Kevin Roche: On the Moronic variant [with comment by Paul]

Listening to President Biden’s monomaniacal remarks on the Omicron variant, I found it hard not to conclude we are stuck inside an Escher lithograph. I commented on Biden’s primary theme of vaccination, but testing is also part of the loop. It isn’t only my friend Kevin Roche who finds the emphasis on PCR testing in particular misguided. Scott Atlas also writes about “the role and pitfalls of PCR testing and concerns about cycle thresholds” in his new book, as John Tierney notes in his City Journal column “Covid’s three blind mice.” Over at Healthy Skeptic this morning Kevin provides “A serious look at the Moronic variant.” He writes in part (very lightly edited):

Here is my assessment based on what we seem to know. In a widespread respiratory virus, variants come, some stay, some go. There are currently four common seasonal coronaviruses, they all manage to stay in circulation in varying proportions. Covid may eventually become one more of those, and it may have more than one strain as part of that rotation, as influenza also has. The Moronic variant is just one more of those strains. I see no evidence to suggest it is more transmissible.

Those of you who read the CSPI article (which hopefully is back on line and a reader did post in the comments a link to a twitter thread of the article) linked in a post earlier this week will understand when I say that I am very doubtful that Delta was more transmissible and I think the same logic applies to Moronic. The people most susceptible to a virus or a variant tend to be infected early on and some of those have large contact networks and so it can appear as though a strain is more infectious in its initial deployment phase, but it may not actually be.

If you look at the epidemic curves found on Worldometers or elsewhere, the curve this year at this time for South Africa, which is highly unvaccinated, looks just like the curve last year, at almost the exact same time. (Worldometers South Africa Chart) Looking at the curve you would not in any way conclude that the Moronic variety is more transmissible than its predecessors. In fact, the South Africa curve, because it is in a still largely immune-naive population, is a wonderful example of a typical progression of a seasonal respiratory virus.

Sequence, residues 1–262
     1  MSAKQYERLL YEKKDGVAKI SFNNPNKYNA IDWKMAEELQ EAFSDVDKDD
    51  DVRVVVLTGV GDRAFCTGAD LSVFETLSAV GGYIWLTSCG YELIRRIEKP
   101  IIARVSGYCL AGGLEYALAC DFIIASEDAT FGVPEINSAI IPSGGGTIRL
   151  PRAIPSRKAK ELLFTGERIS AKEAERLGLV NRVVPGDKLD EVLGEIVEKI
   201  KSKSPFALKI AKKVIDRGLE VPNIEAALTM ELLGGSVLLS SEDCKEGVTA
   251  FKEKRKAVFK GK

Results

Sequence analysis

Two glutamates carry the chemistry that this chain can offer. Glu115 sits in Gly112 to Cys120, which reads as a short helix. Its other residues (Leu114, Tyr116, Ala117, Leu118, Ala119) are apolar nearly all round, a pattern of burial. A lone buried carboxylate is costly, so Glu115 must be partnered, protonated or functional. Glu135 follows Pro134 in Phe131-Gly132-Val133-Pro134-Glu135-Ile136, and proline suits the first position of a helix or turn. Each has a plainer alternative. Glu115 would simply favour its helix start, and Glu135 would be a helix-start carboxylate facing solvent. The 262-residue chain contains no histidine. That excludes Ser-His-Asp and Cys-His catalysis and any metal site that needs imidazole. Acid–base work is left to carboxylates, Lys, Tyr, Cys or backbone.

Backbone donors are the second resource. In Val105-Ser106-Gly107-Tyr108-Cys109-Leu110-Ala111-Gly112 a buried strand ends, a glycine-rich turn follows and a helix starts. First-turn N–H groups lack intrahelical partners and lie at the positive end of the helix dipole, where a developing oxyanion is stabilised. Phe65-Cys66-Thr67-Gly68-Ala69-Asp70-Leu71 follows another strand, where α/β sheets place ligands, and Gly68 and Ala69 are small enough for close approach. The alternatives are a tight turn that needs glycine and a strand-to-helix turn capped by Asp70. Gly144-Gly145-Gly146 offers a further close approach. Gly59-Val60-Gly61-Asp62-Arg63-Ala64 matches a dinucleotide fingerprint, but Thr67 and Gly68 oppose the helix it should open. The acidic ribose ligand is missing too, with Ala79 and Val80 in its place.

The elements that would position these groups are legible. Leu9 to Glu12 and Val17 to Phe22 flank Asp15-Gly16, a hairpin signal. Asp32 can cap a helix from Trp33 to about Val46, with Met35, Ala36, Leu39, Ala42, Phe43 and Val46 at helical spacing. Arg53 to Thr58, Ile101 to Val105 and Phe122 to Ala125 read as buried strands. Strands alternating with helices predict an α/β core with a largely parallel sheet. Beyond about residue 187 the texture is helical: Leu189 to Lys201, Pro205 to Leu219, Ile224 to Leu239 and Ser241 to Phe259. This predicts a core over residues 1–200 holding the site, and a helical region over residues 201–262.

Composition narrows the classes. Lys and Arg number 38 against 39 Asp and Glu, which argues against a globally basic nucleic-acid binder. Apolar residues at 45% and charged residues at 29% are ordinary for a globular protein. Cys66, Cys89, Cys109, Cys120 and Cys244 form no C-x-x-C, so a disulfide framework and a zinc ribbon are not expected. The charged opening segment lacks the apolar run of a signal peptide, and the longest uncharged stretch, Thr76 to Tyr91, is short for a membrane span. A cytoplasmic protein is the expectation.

I would assume that the peaks of future waves will begin to be lower in height and the ascent and descent not so steep as the proportion of the population infected grows. You may already see that in the active cases curve on Worldometers for the South Africa wave before this one. (And note also the clear seasonality shown in this South Africa chart, with a dual season, very similar to Florida for example.)

The evidence so far is that Moronic also may lead to less severe disease. Again, probably too early to assess that properly, and in heavily vaccinated populations it will be very difficult to track the effect properly. We haven’t been assessing Delta in the best analytic way, so right now I am assuming the same screwed-up approach will be used for Moronic. So aside from my base of skepticism to everything until good data and research are produced, there is nothing in the early data that tells me we should be unduly worried. I know the Covid-19 terrorists will be disappointed.

Which brings up the real issue with how this epidemic has been tracked and responded to–the excessive use and inadequacies of PCR testing. We are using these ridiculously oversensitive tests to call people cases and infected. I have pounded away from the start of the epidemic at the concept of adaptive immunity and what it really means for an encounter with a respiratory pathogen. People need to think about this and even our supposed public health experts rarely explain it properly.

Adaptive immunity does not stop exposure. Nothing short of enveloping yourself in Saran wrap will, as should be apparent from this epidemic. (Look, for example, at the wonderful impact masking has had.) Anyone at any point could have some virus or virus fragments in their upper respiratory tract. If they have been vaccinated or, even better, had a prior infection, they are likely to clear any viable virus very quickly. But if they are tested while that is occurring, they are a “case.”

We will never get out of this terrible cycle of futile and damaging responses to the epidemic as long as we keep this idiotic testing regime going.

PAUL ADDS: The current Worldometer numbers for new reported cases in South Africa at this early stage of the latest wave show a different pattern from previous waves, including the wave of last year around this time. Yesterday, there were just over 16,000 new reported cases. The day before, there were around 11,500. On November 25, there were around 2,500.

During South Africa’s first wave, the number of new cases never reached 14,000 in a given day. During the second wave, which occurred in December of last year and January of this one, it took almost an entire month for newly reported cases per day to get from around 3,000 to around 17,000. During the third (and worst) wave, which occurred this summer, it also took about month for new cases to rise similarly.

This doesn’t mean anyone should panic. Early indications, give reason for hope that the latest wave in South Africa won’t be all that deadly, at least among the vaccinated.

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